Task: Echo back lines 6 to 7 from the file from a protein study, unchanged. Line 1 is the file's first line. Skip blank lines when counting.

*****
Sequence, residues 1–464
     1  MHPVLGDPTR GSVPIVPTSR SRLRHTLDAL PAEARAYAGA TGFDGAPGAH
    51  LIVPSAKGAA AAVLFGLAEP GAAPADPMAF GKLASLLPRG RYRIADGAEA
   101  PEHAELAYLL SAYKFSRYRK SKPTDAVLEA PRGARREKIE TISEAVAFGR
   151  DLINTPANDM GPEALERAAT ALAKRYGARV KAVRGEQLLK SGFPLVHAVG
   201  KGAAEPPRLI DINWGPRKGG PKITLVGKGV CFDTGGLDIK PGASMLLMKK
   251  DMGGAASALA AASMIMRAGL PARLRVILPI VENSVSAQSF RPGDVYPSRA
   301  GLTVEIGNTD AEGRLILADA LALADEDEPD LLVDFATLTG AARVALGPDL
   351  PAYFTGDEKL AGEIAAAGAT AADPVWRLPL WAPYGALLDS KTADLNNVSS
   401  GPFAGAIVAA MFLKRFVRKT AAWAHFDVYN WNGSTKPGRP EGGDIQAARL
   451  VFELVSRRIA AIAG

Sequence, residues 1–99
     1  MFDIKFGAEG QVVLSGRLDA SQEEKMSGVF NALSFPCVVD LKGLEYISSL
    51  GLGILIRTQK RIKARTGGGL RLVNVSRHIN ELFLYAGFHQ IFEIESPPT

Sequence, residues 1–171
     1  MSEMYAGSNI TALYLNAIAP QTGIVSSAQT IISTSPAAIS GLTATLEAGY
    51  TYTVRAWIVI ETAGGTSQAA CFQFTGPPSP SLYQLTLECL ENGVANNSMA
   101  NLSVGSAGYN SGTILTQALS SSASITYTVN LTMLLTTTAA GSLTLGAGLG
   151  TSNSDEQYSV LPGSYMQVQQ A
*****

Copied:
   201  KGAAEPPRLI DINWGPRKGG PKITLVGKGV CFDTGGLDIK PGASMLLMKK
   251  DMGGAASALA AASMIMRAGL PARLRVILPI VENSVSAQSF RPGDVYPSRA